explorations of mindful fatherhood


You’re Being That Parent

an_angry_old_man__868197The other day, I was in a shitty mood.  One of those moods in which anything can annoy me.  There wasn’t enough half-and-half for my coffee.  My wife was using the bathroom when I needed it.  My son woke up just a little too early for me to get anything done that morning.  Wah, wah, wah.

Later that morning, we were heading out to the community pool, and my son was crazy excited. So excited that he was bouncing off the walls.  When he’s super excited, he gets wild.  Like singing at the top of his lungs, shrieking unexpectedly, and (literally) throwing himself into walls.  Some things (singing) are cute, while other things (shrieking) are not.  But no matter what he did, it all seemed to get under my skin.

We got into the car, my wife in the driver seat.  My son excitedly yelped again in the car, and I let out a dramatic sigh.

“Do you remember when you were a kid and you were just so excited about something?” My wife asked.

“Yeah,” I responded reluctantly, already knowing where she was going with this.

“Did your parents ever give you a hard time when you were just so excited?  My parents did, and it sucked.  You’re kind of being that parent right now.”

Shit.  She was right.  And yet, I was feeling stubborn and couldn’t quite accept it.  “But he’s being annoying!” I wanted to say, like I was talking about my little brother or something.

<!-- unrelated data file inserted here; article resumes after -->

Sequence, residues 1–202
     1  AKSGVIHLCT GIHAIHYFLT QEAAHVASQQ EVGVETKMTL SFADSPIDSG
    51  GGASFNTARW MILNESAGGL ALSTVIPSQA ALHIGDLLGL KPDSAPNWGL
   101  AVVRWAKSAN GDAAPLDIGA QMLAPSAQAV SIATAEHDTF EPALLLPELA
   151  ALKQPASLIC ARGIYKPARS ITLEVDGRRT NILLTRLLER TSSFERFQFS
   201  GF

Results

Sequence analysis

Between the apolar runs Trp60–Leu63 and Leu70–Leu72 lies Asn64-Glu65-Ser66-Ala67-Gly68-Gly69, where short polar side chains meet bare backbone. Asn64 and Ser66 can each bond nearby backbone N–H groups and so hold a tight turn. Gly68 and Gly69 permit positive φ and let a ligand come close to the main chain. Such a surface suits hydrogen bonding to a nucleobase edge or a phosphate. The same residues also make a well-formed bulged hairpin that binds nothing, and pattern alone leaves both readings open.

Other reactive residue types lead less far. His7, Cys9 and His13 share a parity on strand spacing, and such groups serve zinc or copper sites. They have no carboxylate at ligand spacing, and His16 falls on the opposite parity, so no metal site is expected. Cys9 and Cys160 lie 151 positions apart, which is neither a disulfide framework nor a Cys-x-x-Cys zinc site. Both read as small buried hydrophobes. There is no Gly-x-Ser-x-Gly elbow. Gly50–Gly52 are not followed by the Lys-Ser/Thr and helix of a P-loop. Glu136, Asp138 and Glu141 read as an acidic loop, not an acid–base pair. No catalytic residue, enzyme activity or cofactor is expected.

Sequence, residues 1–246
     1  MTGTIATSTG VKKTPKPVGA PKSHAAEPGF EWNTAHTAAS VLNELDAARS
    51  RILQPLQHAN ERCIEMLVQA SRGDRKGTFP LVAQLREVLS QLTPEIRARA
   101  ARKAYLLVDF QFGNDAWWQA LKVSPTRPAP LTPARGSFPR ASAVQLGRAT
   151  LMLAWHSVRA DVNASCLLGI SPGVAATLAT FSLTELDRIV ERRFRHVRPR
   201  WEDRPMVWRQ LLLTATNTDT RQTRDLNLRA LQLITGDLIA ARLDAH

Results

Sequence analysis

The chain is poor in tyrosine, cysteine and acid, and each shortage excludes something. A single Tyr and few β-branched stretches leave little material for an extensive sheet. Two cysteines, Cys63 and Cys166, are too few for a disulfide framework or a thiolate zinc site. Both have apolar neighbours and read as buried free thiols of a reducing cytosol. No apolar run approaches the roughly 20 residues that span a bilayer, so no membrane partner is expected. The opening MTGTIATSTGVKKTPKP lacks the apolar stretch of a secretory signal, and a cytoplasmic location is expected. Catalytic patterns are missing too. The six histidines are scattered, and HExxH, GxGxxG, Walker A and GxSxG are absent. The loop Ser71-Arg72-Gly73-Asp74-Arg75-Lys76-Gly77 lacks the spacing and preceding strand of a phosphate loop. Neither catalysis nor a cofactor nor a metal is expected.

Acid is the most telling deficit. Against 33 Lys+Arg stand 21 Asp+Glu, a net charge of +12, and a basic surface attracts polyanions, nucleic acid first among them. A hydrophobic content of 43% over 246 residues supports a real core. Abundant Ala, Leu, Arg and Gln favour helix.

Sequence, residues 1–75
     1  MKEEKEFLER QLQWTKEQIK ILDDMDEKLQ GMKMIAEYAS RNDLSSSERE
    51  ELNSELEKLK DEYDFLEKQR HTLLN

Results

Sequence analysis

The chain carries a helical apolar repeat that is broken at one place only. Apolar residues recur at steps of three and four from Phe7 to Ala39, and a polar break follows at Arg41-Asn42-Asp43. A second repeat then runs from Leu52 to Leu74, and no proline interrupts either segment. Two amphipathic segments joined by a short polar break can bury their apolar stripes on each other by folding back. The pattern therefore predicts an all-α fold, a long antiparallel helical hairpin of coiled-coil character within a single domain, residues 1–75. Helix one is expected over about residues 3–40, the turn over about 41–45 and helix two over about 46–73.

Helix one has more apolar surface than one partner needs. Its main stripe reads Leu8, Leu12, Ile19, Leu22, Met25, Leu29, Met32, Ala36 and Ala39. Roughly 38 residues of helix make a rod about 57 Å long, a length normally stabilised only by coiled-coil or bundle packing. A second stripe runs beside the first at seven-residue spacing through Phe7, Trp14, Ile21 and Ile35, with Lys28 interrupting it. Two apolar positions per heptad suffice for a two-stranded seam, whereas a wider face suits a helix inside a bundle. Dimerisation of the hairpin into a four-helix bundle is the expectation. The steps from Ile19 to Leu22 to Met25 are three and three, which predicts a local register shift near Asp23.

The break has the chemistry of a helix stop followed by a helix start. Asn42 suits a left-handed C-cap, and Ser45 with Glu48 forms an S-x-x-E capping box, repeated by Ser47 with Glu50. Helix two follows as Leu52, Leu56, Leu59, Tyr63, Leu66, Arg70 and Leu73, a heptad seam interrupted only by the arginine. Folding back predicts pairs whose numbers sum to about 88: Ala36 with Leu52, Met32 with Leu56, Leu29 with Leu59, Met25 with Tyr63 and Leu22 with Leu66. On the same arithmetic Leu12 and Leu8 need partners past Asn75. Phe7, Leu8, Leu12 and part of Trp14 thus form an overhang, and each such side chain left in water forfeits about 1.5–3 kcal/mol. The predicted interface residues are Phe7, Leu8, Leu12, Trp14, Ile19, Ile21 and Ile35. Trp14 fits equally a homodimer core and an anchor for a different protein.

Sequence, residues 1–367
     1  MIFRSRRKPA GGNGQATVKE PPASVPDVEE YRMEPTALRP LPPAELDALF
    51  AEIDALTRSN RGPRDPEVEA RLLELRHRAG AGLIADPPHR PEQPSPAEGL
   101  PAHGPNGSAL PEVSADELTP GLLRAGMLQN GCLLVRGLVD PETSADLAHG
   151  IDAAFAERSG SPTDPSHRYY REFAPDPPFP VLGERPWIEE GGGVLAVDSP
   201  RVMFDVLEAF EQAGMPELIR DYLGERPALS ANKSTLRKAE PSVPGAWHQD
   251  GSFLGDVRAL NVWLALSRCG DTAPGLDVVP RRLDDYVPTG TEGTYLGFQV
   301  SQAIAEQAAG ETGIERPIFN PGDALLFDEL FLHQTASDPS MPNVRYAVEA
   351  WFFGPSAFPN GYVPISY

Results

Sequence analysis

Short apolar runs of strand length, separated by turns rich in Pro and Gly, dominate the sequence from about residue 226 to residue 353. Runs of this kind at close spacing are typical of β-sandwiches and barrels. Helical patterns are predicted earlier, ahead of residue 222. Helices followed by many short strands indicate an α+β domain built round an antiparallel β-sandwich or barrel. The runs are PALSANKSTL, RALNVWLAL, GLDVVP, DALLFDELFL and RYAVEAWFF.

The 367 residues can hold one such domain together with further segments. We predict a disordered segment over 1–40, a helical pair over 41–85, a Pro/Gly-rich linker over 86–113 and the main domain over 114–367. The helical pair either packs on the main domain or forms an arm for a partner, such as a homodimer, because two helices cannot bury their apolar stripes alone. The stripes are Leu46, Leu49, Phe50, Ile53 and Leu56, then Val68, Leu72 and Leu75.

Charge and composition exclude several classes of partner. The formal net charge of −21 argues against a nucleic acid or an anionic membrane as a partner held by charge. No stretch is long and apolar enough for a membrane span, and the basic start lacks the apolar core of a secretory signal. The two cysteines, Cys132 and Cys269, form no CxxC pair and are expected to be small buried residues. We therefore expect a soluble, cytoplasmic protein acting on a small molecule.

It’s just a downright bad combination if my son’s excited and I’m grumpy, because all the ways he expresses his excitement are somehow irritating to me. But what a terrible time to be irritable.  The thing is, I DO remember what it was like to be crazy excited about something, only to be yelled at by my parents for making too much noise or to be threatened with having that fun thing taken away.  Hell, I know what it’s like now as an adult to be excited about something and have someone rain on my parade.

That’s the tricky thing about being a parent. You’re not really allowed to be a crybaby or a grumpy old man.  As a kid, I felt entitled when I was in a bad mood.  “Screw everybody, I’m not feeling good so they can all go to hell.”  But as a father, my grumpy attitude has so many far reaching ramifications.  And I don’t want to be that parent.

After that much needed kick in the ass by my wife, I calmed myself down.  We got to the pool and had fun.  But, as a parent, I’m realizing that those kinds of wake-up calls are much needed doses of medicine.  When I get into a funk, I sometimes feel entitled to it. My adolescent mind thinks that others should steer clear or keep themselves in check when around me, because I’m owed that much.  But it isn’t true.  My being stuck in a bad place doesn’t mean the world should shift to meet my mood.  Once I’m able to recognize that my shitty behavior is really raining on other people’s (especially my son’s) parade, I have to force myself out of it.

Once I do force myself out of it, I sometimes realize how impermanent my moods are.  That with a slight willful shift, I can actually have a good time again.  I’m thankful for having a family.  For having a wife and son who can help me see past myself and help me recognize that it’s me who creates my own suffering from time to time.  If it weren’t for them, I’d likely turn into some rotted old man, yelling at the kids on his lawn.